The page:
SEOUL, South Korea — The only sister of the North Korean leader, Kim Jong-un, will visit South Korea this week, the first immediate member of the North’s ruling family ever to set foot in the South, officials said on Wednesday.
Kim Yo-jong, Mr. Kim’s younger sister and a key player in his secretive regime, will arrive in South Korea on Friday as part of North Korea’s 22-member government delegation that will attend the opening ceremony of the Winter Olympics later that day. The North Korean delegation’s three-day itinerary includes a meeting with President Moon Jae-in of the South.
Her bloodline gives her an unmatched status among North Korean elites. She is also considered Mr. Kim’s closest relative. The South Korean news media call her “Kim Jong-un’s Ivanka,” likening her influence with her brother to that of Ivanka Trump’s on her father, President Trump. The North’s state news media often shows top-ranking officials listening reverentially when Ms. Kim speaks.
And she will be coming to a spectacle that is also drawing Vice President Mike Pence, who will be at the opening ceremony Friday, and Ms. Trump, who is expected at the closing ceremony. The gathering is prompting speculation about some previously unthinkable get-togethers.
The North’s delegation is officially led by Kim Yong-nam, the 90-year-old president of the Presidium of the North’s Parliament and the country’s nominal head of state. But being a sister of Kim Jong-un, North Korea’s “monolithic” leader, Ms. Kim will become the focus of intense attention.
It remains unclear whether Ms. Kim or any other North Korean official will be carrying any message to Mr. Moon from Mr. Kim. The South Korean president has been eager to use the North’s Olympic participation as a way to ease tensions spurred by its nuclear and missile tests in the past year.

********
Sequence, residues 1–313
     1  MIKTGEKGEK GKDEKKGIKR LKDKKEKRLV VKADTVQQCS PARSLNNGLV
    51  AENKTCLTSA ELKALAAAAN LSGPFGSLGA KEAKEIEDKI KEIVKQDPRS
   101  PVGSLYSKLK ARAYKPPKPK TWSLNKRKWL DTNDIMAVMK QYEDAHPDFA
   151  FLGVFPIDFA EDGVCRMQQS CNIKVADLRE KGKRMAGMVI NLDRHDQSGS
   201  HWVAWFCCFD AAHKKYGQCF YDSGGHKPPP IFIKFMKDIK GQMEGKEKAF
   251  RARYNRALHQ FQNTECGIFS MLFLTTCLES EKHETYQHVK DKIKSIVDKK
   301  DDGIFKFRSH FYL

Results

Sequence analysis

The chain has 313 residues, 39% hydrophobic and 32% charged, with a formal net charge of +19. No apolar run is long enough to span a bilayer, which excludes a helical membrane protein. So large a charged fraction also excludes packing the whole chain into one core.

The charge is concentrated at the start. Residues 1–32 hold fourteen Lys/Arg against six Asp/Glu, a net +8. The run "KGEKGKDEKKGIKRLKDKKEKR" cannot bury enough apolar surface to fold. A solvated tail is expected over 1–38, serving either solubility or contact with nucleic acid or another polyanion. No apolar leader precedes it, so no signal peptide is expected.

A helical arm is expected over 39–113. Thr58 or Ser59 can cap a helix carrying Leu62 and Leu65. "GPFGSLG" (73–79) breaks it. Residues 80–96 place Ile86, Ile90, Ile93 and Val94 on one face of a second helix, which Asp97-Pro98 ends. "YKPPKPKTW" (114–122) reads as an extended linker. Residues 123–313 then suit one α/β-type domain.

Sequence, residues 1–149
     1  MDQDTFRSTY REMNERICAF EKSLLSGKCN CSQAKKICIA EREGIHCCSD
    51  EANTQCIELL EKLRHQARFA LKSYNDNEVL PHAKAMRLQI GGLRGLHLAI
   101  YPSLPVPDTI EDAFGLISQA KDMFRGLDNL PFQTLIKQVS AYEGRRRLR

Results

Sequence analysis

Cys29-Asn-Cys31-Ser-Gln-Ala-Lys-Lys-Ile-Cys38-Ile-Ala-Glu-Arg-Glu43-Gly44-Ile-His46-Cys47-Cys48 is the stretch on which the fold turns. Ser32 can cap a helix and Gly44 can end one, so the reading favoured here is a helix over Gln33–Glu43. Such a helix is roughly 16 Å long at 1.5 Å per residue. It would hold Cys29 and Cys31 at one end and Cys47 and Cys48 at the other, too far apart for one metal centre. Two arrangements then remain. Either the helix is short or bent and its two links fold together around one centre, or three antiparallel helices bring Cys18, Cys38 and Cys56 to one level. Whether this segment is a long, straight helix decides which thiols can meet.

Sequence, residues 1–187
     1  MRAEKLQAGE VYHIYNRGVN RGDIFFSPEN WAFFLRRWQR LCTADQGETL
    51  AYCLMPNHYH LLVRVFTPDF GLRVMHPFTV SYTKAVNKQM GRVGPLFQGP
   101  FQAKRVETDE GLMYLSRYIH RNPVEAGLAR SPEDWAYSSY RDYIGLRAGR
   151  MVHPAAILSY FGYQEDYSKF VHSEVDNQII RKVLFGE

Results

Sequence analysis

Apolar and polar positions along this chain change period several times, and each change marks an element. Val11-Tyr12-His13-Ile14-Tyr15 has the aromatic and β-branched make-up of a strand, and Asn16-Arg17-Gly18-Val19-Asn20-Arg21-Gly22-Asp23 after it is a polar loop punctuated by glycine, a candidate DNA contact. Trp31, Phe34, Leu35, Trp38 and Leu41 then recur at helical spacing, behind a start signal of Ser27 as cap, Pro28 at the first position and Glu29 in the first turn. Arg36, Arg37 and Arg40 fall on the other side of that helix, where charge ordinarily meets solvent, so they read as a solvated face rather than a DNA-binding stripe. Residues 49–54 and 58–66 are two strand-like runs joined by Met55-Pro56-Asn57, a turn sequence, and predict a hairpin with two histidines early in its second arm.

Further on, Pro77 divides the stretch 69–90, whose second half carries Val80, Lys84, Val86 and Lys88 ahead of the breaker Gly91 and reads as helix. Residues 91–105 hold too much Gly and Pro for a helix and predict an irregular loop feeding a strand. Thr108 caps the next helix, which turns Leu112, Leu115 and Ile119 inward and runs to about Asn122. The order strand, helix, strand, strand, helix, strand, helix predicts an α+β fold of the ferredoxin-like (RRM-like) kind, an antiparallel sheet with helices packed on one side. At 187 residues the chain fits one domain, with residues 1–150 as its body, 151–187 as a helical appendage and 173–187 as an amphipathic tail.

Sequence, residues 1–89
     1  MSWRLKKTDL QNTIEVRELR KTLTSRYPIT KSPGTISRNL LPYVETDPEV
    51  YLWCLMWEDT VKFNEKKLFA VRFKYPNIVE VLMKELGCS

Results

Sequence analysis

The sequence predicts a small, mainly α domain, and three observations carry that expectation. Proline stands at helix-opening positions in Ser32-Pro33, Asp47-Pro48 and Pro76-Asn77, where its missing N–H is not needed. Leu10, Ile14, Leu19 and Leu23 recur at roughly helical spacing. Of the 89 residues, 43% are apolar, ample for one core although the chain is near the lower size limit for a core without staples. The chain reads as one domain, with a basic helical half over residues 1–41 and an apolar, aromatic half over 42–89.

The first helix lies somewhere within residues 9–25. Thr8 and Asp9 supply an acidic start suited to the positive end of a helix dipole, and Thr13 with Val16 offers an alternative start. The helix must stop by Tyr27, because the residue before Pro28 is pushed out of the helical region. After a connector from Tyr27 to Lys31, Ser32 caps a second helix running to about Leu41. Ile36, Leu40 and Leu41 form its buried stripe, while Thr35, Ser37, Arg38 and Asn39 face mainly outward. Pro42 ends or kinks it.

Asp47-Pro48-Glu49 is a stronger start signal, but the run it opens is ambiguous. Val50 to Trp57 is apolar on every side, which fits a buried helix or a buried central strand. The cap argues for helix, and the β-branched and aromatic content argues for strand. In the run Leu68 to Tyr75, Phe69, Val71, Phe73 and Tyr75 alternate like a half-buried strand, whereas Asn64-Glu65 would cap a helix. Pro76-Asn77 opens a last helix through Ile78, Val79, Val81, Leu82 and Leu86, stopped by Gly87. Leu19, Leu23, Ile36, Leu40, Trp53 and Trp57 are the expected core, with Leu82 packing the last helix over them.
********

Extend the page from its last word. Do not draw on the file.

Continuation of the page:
Ms. Kim, 30, has emerged as an important player in her brother’s government since Mr. Kim replaced their father, Kim Jong-il, as supreme leader in 2011. She is believed to be a deputy director of the ruling Workers’ Party’s Department of Propaganda and Agitation, a key post in the propaganda-heavy totalitarian state.
She is the only relative of her brother’s who appears in North Korea’s news media, accompanying her brother in state ceremonies or in his “guidance tours” of factories and farms. She is often seen carrying texts of Mr. Kim’s speeches or standing in the background, smiling and even frolicking, while other senior grim-faced officials stand close to Mr. Kim in reverence and fear.
In October, she became the youngest member of the Politburo, the main decision-making body of the party. She sat in the front row of a leadership platform in a party meeting in December.
Mr. Kim has an older brother, Kim Jong-chol, who has never been seen in the North Korean media and whose role, if any, remains a mystery. He was last spotted at an Eric Clapton concert in London in 2015, but little else is known of him. Ms. Kim and her brothers studied in Switzerland as teenagers.
Kim Jong-un’s older half brother, Kim Jong-nam, was killed in an airport in Kuala Lumpur, Malaysia, in February last year by two women who smeared his face with a rare nerve agent. The assassins, who are on trial, were hired by North Korean agents who analysts said were sent by Kim Jong-un to eliminate a potential threat to his dynastic grip on power.
Outside officials and analysts consider Ms. Kim the pre-eminent female face of the Kim family, which has ruled North Korea since its founding seven decades ago. Her father, Kim Jong-il, also allowed his own sister, Kim Kyong-hui, to hold prominent jobs in the government until his death in 2011. But she disappeared from view after her husband, Jang Song-thaek, was executed in 2013 by Kim Jong-un on charges of plotting a coup.
“Although Kim Yong-nam is the official head of the delegation, it will be Kim Yo-jong who will decide its activities,” said Cheong Seong-chang, a senior analyst at the Sejong Institute in Seoul, South Korea. “By including his sister in the delegation, Kim Jong-un may want to show his interest in improving ties with South Korea.”
Word of Ms. Kim’s visit came as Vice President Pence warned North Korea that it would face a new round of tougher sanctions.
“The United States of America will soon unveil the toughest and most aggressive round of economic sanctions on North Korea ever — and we will continue to isolate North Korea until it abandons its nuclear and ballistic missile programs once and for all,” he said Wednesday while visiting Japan.
But a day earlier, Mr. Pence had stirred speculation about a possible meeting with North Korean officials, saying, “I have not requested a meeting, but we’ll see what happens.”